Does Microsoft Corp. discriminate against women? A group of female employees filed a federal lawsuit in 2015 claiming that Microsoft policies or procedures systematically deny women pay raises and promotions. They are hoping a judge will certify the lawsuit as a class action, allowing them to represent over 8,000 women who may have been adversely affected.
The suit hasn’t been certified a class action yet. It’s still in a stage called “discovery,” when the parties seek out evidence from their opponents and third parties using subpoenas, depositions and other methods. Discovery can be a challenging part of a lawsuit, with one party or the other sometimes arguing that the process goes too far.
As part of discovery in this case, the plaintiffs apparently asked for any and all human resources files related to internal complaints of gender discrimination or sexual harassment. Microsoft argued that making the outcome of such complaints public might serve to deter employees from making complaints. The court-appointed official who reviewed the files disagreed and unsealed the internal complaints.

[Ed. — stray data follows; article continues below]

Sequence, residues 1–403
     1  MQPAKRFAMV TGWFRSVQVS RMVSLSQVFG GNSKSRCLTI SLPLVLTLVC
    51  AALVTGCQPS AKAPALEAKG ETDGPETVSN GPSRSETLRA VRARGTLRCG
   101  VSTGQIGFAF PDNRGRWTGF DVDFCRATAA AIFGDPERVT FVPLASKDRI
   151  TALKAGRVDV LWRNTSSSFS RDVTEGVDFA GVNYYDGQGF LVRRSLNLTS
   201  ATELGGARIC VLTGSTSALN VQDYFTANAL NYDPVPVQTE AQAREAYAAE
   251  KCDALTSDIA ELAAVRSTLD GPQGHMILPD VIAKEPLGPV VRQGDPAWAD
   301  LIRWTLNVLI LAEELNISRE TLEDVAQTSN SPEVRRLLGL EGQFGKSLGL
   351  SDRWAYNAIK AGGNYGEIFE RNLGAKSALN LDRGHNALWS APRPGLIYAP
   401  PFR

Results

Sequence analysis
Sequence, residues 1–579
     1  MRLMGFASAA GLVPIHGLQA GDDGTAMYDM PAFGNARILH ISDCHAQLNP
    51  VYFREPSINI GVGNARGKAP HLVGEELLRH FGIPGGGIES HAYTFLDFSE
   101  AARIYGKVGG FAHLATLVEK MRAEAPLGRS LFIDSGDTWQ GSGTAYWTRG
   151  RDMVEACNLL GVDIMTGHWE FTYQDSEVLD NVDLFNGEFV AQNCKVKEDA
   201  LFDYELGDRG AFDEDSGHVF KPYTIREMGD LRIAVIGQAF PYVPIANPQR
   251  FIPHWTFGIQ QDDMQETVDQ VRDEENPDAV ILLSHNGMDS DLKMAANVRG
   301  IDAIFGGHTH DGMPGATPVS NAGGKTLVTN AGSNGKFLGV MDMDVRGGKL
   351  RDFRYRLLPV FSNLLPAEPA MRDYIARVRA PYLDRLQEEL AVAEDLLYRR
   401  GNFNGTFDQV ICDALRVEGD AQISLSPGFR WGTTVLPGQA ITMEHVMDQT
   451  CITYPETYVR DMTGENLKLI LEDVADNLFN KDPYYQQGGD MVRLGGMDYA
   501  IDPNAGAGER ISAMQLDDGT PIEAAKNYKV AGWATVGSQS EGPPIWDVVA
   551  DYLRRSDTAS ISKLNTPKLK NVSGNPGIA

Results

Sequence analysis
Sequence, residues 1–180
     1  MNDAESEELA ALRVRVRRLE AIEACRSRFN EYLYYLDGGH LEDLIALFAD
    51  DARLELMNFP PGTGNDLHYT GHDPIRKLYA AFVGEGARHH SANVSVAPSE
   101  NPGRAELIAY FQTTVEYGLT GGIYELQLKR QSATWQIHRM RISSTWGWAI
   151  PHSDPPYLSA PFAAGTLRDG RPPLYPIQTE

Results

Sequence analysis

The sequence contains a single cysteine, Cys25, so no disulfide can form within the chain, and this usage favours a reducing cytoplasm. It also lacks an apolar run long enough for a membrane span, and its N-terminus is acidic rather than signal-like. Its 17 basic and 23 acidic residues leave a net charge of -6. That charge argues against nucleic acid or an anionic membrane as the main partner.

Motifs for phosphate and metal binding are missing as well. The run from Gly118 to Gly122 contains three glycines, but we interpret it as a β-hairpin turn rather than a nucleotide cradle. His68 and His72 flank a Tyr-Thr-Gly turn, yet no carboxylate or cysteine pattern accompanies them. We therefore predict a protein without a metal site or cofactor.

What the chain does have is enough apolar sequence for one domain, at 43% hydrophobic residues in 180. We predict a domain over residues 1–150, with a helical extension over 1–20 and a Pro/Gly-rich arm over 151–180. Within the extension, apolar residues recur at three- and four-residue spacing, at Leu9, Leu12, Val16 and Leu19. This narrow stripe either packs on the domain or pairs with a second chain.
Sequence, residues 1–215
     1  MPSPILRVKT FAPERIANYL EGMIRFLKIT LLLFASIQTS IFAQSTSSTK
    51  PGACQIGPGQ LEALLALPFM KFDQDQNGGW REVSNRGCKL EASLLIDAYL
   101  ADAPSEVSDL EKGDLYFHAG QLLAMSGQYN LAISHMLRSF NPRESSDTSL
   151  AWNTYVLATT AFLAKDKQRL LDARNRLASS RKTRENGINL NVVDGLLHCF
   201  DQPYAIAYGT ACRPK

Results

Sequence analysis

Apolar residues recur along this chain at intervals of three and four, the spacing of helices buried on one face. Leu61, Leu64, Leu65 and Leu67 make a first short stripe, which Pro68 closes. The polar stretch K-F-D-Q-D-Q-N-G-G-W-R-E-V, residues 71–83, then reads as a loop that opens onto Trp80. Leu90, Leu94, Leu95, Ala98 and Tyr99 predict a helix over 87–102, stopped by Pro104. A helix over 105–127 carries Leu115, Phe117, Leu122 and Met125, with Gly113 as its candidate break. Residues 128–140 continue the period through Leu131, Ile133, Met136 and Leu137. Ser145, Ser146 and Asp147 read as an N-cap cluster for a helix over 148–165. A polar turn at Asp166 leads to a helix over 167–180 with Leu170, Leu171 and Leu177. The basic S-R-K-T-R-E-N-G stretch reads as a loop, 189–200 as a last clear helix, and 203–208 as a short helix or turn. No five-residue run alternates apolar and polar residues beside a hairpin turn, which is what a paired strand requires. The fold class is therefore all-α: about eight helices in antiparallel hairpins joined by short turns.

According to Reuters, Microsoft received a total of 238 internal complaints of sex discrimination or sexual harassment between 2010 and 2016. Of those, 118 were apparently involved alleged sex discrimination. Of those 118 complaints, Microsoft investigators only considered one to be “founded.”
The plaintiffs’ lawyers called the number of complaints “shocking” and criticized Microsoft’s apparently “lackluster” investigation process. However, it’s important to keep in mind that we have no concrete idea of how the number of complaints received by Microsoft compare to the number received by similar companies. As of 2017, Microsoft had around 74,000 U.S. employees.
In its defense, Microsoft said that it spends over $55 million each year on inclusion and diversity programs. It also claimed that the plaintiffs had failed to point to a single case that Microsoft investigators ruled unfounded that should not have been.
As we said, the case is still in an early stage. The plaintiffs will be given a chance to make a thorough review of the internal complaint files, and they may argue that some or many of the complaints should have been given more consideration. To win, they will ultimately have to show that a Microsoft policy or procedure had the intent or effect of discriminating against women.